(I’m sure you will respond with more ad hominem attacks sans any real argument.)

  25. Ben Wolf says:

    The Democrats’ 2018 strategy will be to find billionaires to run as candidates, more money for David Brock’s various superpacs, and quadrupling the numbers of young ivy-league consultants on six-figure salaries who will tell us demographics make victory inevitable.

    It will be glorious.

  26. the Q says:

    After two years of a national nightmare, the Dems will have a historic midterm run.

    I’ve been involved in politics for 8 decades and the American people have gotten extraordinarily fickle recently.

    Lets look since 2000. They got rid of a successful, peaceful 8 years of Dem rule by putting in an imbecile twice. But by 2006, they tired of the loon and put in a Dem Congress for the first time in years. And two years later, elected an African American, much earlier historically than was predicted. Then, two years later, totally turned on said African American POTUS and brought in a wingnut Congress, then two years later, re-elected Obama by a true “landslide” only to again, four years later, swing wildly again to the current lunatic.

    Trust me, after two years of this lunatic, the Spartacus Revolutionary Youth Brigade could gain seats against the GOP if Trump turns out to be as horrible as he seems he could be.

    The Dems problem is telling BLM, the TGs, the contraceptive zealots and the Dreamers to shut the phuck up for the next 18 months so we can actually win and THEN address their concerns with a Dem majority in both houses.

  27. C. Clavin says:

    Hahaha
    Trumps nominee for Labor Sec is a spousal abuser.
    Makes perfect sense.

  28. Guarneri says:
  29. Pch101 says:

    @john430:

    I would continue this battle of wits with you but I never fight an unarmed man

    Doctors Dunning and Kruger will see you now.

  30. john430 says:

    @C. Clavin: Obama could have green skin with yellow polka dots and he’d STILL be ineffective. You loons always play a race card when you lack a comprehensive argument.

  31. Pch101 says:

    Mitt Romney, 2012: “I can tell you that over a period of four years, by virtue of the policies that we’d put in place, we’d get the unemployment rate down to 6%, and perhaps a little lower.”

    Bureau of Labor Statistics, November 2016: “The unemployment rate declined to 4.6 percent

    Even when Obama outperforms the GOP by leaps and bounds, it just isn’t good enough for the right-wing whiners.

    If Obama cured cancer, Republicans would be complaining about oncologists losing their jobs. For a bunch of supposed tough guys, conservatives spend a lot of time crying like babies.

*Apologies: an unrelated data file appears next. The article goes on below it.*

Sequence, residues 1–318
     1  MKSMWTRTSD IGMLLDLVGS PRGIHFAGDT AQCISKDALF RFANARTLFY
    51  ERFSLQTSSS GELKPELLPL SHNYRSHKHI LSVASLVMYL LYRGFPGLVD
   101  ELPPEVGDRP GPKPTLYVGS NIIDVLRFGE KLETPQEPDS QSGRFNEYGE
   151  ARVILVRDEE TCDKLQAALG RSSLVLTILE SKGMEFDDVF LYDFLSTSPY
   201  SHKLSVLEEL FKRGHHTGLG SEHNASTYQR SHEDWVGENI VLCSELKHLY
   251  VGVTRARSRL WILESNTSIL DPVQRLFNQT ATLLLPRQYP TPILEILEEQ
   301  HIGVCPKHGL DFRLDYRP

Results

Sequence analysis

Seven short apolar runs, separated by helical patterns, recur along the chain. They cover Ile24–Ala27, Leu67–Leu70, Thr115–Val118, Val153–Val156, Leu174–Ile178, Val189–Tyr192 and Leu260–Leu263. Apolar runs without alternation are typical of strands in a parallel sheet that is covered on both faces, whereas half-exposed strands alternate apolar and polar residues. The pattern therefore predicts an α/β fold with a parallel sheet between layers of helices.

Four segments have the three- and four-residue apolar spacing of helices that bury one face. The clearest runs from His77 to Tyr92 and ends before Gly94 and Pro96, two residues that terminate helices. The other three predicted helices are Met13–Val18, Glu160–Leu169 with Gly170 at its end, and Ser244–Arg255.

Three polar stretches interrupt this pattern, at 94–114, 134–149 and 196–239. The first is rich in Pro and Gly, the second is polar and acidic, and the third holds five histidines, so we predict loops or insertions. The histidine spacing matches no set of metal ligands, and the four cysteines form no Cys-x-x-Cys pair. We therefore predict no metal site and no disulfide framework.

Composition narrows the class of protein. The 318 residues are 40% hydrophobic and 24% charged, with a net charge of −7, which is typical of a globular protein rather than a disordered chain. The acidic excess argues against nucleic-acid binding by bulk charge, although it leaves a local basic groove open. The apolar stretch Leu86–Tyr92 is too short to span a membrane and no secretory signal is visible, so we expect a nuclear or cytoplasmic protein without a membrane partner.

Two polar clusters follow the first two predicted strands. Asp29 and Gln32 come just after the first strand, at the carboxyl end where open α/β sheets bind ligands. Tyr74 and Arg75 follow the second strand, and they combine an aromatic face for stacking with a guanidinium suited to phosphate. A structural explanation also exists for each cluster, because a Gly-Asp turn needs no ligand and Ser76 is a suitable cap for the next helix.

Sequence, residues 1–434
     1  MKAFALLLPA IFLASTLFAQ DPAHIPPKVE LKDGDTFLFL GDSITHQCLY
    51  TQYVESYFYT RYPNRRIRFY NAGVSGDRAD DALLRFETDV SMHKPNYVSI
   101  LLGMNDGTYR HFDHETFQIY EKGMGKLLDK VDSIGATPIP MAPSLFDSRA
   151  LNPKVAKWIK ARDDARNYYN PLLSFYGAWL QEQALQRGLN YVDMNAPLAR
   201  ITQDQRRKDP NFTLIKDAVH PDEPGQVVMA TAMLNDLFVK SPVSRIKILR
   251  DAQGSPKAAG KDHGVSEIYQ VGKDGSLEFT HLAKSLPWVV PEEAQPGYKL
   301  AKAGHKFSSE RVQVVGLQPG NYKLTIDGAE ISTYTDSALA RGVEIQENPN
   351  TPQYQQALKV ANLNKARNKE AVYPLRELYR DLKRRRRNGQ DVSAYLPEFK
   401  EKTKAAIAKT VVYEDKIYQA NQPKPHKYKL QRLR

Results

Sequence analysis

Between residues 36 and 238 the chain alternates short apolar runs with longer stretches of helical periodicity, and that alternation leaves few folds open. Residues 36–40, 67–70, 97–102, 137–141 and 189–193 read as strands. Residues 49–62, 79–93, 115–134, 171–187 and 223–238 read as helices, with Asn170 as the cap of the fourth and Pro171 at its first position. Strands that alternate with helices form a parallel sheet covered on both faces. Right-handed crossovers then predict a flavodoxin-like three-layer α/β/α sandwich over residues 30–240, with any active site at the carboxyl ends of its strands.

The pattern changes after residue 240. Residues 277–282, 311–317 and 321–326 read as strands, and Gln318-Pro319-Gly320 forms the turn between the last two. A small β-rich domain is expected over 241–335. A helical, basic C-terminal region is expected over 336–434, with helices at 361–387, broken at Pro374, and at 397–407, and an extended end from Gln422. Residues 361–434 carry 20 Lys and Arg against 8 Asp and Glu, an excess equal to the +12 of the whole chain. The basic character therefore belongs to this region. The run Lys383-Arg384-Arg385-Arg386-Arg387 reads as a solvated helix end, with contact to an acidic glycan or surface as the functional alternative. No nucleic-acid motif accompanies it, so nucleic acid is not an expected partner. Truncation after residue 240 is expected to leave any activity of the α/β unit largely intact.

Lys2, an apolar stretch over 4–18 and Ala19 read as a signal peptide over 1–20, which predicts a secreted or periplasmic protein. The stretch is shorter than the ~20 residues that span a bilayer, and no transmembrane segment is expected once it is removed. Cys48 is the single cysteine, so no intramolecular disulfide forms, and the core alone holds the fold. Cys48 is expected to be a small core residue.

32. Guarneri says:

    “If Obama cured cancer, Republicans would be complaining about oncologists losing their jobs.”

    Got a link?

  33. Guarneri says:

    “Obama has, in fact, been one of the most effective Presidents”

    You got that right. After eight years of the Obama presidency, Democrats hold fewer elective offices than at any time since the 1920s.

    You’re doing a heckuva job, Bammy.

  34. C. Clavin says:

    @john430:
    You support racist policies and behavior. You’re an ignorant racist child. Period.
    Obama was tremendously effective. Period.
    The two have nothing to do with each other…except that your prejudices keep you from acknowledging demonstrable fact.

  35. C. Clavin says:

    @Guarneri:
    Dude…you’re linking to Zero-Hedge and you expect anyone to take you seriously? Hahaha.
    They are the ones that said the EU was going to collapse in 10 days. Was it you that linked to that, or that other idiot, JKB?
    No wonder everything you say is wrong. Stop reading conspiracy theory websites.

  36. JKB says:

    @C. Clavin: We now live in a Banana Republic, which will very soon have toxic air and water, and that will likely start a Third World War by 2018.

    Keep it up. You and the Left media. When none of that comes to pass, it’ll created even more Trump voters as their Leftist indoctrination is revealed.

    We’ve had 8 years of no/low growth and the “new normal”. Not unlike the “malaise” of Carter. In a year, the Obama years will be seen as how bad they were when compared to the Trump resurgence. Already, hope abounds for deregulation and prying the strangling hands of government from the throat of the economy.

  37. JKB says:

    Hell, the real problem is how many of the Democrats are likely to make it another couple of years. Look life expectancy is good for the elite Democrats, but even they eventually die off from old age. The Democrat’s Klansman, Sen. Robert Byrd, eventually succumbed. And, boy, look at that diversity in that crowd.

  38. C. Clavin says:

    @JKB:
    We’ve had low growth because of Republican austerity which you support.
    Now you will support deficit spending under your Cheeto-Jesus.
    Because your principles are non existent.

  39. Just 'nutha ig'rant cracker says:

    @Guarneri: Go back to your grammar teacher and ask her about “subjunctive mood” and “conditionals contrary to reality.” He doesn’t need a link and it’s only stupid of you to ask for one. You’re losing ground Drew; it’s time for you to go out and buy business number 201. You need a more fulfilling hobby in your dotage.

  40. Dazedandconfused says:

    If Trump continues to fill posts with ideological wingnuts and indulges in grandiose stunts it is likely the Dems will do well two years from now, pendulums being pendulums and all. Simple counts of seats up for grabs may well prove to be analysis lacking critically necessary bandwidth.

    The odds of Trump’s presidency panning out to be “politics as usual” seem long.

  41. Terrye Cravens says:

    It is hard to say what things will look like in 2018. Two years of Trump might have changed the climate.

  42. Blue dog says:

    @grumpy realist: I have been a blue dog all my life, voted Obama 2x , I cant even express a view to progressives without being called some name, it’s like if I don’t agree with everything they agree with I’m the enemie, I’m sick of it, looks like a paradigm shift to me, moderate dems are now trump voters.